Over the course of the disease, some symptoms will come and go, while others may be more lasting.

Symptoms

Most Common Symptoms
Some symptoms of MS are much more common than others.
Fatigue
Numbness
Walking (Gait), Balance, & Coordination Problems
Bladder Dysfunction
Bowel Dysfunction
Vision Problems
Dizziness and Vertigo
Sexual Dysfunction
Pain
Cognitive Function
Emotional Changes
Depression
Spasticity


Less Common Symptoms
These symptoms also occur in MS, but much less frequently.
Speech Disorders
Swallowing Problems
Headache
Hearing Loss
Seizures
Tremor
Respiration / Breathing Problems
Itching
TO READ ABOUT each of these SYMPTOMS CLICK this link to be
 redirected to the National MS Society website

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Multiple Sclerosis :Bladder Dysfunction, Symptoms and Complications

Bladder dysfunction, which occurs in at least 80% of people with MS, can usually be managed quite successfully. Treatment strategies for bladder management include dietary and fluid management, medications, and intermittent or continual catheterization (inserting a thin tube into the bladder to remove urine).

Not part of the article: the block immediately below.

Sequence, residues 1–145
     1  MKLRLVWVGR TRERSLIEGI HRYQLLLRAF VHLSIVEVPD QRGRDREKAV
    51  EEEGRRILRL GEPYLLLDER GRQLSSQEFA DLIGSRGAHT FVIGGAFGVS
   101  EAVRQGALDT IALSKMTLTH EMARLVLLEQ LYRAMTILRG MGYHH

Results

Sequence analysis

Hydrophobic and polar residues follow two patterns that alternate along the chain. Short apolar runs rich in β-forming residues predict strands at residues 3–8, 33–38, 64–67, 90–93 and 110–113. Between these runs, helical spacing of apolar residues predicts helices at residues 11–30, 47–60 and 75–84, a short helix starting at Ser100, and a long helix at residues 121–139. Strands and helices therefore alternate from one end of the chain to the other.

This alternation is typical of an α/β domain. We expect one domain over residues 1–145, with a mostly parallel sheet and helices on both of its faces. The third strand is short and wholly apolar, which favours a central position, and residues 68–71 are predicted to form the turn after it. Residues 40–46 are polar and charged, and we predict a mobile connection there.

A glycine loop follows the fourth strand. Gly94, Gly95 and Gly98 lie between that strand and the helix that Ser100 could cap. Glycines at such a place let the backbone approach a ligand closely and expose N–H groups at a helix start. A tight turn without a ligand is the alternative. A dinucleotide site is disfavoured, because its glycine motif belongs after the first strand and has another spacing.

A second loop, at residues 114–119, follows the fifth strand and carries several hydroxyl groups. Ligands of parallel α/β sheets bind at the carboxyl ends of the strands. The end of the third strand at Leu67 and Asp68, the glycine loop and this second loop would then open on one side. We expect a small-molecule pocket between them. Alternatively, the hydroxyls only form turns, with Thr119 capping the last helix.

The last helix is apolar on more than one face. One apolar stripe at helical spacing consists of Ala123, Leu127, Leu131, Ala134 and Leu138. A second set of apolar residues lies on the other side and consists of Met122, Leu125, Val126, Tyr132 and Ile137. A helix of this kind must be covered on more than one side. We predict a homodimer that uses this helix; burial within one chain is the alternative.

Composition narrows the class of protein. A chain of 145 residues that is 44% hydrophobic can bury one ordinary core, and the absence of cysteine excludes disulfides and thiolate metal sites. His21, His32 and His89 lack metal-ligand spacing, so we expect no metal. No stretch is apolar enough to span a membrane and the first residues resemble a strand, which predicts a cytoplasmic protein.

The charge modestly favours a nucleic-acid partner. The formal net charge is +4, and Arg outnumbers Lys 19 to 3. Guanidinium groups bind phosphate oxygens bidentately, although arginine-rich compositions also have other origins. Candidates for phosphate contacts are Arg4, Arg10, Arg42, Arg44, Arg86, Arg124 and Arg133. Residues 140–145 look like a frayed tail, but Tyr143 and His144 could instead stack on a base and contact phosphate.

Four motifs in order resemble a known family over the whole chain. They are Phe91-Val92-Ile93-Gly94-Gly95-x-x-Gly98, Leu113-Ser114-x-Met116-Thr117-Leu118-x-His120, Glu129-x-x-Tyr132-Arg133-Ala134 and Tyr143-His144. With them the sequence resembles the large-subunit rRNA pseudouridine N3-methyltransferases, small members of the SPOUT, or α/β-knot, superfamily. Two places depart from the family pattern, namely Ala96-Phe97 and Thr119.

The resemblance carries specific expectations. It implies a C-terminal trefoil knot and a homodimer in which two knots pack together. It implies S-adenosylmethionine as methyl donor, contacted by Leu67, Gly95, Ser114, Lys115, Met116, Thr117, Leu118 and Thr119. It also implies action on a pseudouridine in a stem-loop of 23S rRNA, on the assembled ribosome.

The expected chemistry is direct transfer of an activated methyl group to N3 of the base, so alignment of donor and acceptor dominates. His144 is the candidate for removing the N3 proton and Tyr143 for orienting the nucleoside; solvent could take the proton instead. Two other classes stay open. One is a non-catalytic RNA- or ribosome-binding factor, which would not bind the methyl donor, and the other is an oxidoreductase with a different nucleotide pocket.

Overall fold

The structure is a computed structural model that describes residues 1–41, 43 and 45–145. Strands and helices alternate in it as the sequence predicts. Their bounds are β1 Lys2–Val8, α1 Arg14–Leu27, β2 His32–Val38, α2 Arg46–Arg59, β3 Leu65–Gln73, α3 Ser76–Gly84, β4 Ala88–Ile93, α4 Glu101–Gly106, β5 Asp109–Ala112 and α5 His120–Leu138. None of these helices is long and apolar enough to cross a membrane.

Bladder dysfunction occurs when MS lesions block or delay transmission of nerve signals in areas of the central nervous system that control the bladder and urinary sphincter. The sphincter is the muscle surrounding the opening of the bladder, that controls the storage and outflow of urine. It is this muscle that gives people voluntary control over urination.
Symptoms and Complications


Symptoms of bladder dysfunction can include: